which in turn amplify already understood errors, while at the same time 
introducing brand new errors, which are also known and unknown. These now 
amplified errors are compounded beneath the fabric of your now "detailed" 
variables and uncertainties, both known and unknown. Error is built on top of 
error. The end result is a numerical model thatâs output confidence has been 
rapidly eroded away. How do you deal with all of this? Voodoo is the answer... 
Simplify your equations. Simplify your constraints. Simplify your variabl!
es!
. Approximate. Atmospheric dynamics is governed by only a handful of equations. 
Problem is, the equations are unsolvable. How do you get around that little 
bump in the road? Linearize them. Too bad that what you get out can model an 
air mass but canât model a storm within that air mass.

And you know what else helps? Being able to look at your subject and test the 
accuracy of your numerical model against it. Itâs fantastic that Mr. 
Hutchinson was able to produce an accurate numerical model of an ostrich. 
Problem is, tyrannosaurs were not ostriches, just as a hurricane is not a 
extratropical cyclone, even though both are powerful storms with very similar 
structure. Tiny differences end up making a world of difference. (And with a 
bit of intentional imagery, one even evolves from the other.) So, it rightly 
follows that using the same numerical model to describe both of them will 
produce erroneous results. Not completely wrong results.. but results in error.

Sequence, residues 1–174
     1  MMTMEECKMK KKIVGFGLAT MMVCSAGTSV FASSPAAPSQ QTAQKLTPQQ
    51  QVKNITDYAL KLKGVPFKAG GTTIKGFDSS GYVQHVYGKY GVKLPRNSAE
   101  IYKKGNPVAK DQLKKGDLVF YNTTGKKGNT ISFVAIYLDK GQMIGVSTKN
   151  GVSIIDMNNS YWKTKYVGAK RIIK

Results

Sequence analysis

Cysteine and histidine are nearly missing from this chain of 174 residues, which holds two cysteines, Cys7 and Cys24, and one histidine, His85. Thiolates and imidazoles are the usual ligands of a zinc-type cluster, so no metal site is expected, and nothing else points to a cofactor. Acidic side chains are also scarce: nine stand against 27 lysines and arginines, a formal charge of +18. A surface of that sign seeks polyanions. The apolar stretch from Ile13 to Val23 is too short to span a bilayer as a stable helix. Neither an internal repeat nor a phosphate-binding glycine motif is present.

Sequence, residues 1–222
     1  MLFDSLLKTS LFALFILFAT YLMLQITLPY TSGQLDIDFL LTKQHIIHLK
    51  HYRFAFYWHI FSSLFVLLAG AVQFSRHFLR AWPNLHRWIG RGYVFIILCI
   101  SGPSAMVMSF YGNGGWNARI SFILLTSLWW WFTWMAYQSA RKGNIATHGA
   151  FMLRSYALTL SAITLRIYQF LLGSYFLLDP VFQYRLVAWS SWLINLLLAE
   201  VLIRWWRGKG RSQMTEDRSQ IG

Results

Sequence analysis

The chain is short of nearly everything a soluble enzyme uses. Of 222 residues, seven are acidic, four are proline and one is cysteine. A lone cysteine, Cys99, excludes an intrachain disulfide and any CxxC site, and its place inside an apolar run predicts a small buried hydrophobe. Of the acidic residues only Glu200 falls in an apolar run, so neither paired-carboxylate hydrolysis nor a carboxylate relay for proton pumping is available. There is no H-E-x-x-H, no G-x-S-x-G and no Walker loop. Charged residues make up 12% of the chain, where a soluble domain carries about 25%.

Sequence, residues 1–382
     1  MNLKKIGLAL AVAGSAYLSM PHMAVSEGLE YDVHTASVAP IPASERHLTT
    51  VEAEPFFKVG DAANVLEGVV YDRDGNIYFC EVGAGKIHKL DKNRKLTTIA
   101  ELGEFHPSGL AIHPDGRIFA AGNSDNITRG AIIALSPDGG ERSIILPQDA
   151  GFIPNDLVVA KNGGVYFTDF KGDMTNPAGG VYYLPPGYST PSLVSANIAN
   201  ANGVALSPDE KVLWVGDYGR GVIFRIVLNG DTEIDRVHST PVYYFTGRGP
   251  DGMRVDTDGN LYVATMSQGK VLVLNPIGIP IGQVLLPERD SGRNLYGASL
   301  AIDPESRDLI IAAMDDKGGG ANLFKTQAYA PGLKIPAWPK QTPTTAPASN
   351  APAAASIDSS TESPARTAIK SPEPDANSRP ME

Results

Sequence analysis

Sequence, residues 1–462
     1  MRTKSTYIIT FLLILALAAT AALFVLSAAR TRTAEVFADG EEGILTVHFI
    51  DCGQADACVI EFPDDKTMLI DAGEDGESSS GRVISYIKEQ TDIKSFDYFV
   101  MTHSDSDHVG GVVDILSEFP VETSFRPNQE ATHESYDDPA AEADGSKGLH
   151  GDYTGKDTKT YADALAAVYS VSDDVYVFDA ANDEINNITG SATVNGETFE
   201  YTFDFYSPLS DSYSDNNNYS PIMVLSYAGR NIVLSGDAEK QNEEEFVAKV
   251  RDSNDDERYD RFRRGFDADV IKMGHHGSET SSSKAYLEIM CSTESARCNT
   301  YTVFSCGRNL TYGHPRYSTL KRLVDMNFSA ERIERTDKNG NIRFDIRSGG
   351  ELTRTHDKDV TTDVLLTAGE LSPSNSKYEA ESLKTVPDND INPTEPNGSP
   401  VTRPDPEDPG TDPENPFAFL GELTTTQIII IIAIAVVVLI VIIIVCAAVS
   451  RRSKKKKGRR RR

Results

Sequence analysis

Then why is it that a numerical model with set parameters, variable constraints 
and sensitivity analysis ideal for describing the locomotory capabilities of an 
ostrich, is thought of as being the numerical model that is ideal for 
describing the locomotory capabilities of a different, yet similar animal, n!
am!
ely a tyrannosaur? As Mr. Hutchinson said, "Our model included all of the 
tyrannosaur anatomy that was needed, and T.rex was still found wanting." Mr. 
Hutchinson also said that anatomists suffer from tunnel vision... They are 
mired in "untested assumptions about the relationship of anatomy and locomotor 
performance." Mr. Hutchinson says, "I think biomechanics is what is needed to 
test anatomical specializations and see how important they really are; the work 
has not been done to my satisfaction." And finally, Mr. Hutchinson says, "But 
computer models will always be a useful supplement to any other line of 
evidence, particularly when it comes to extinct animals, because they allow you 
to test hypotheses indirectly without relying on time machines, analogy, or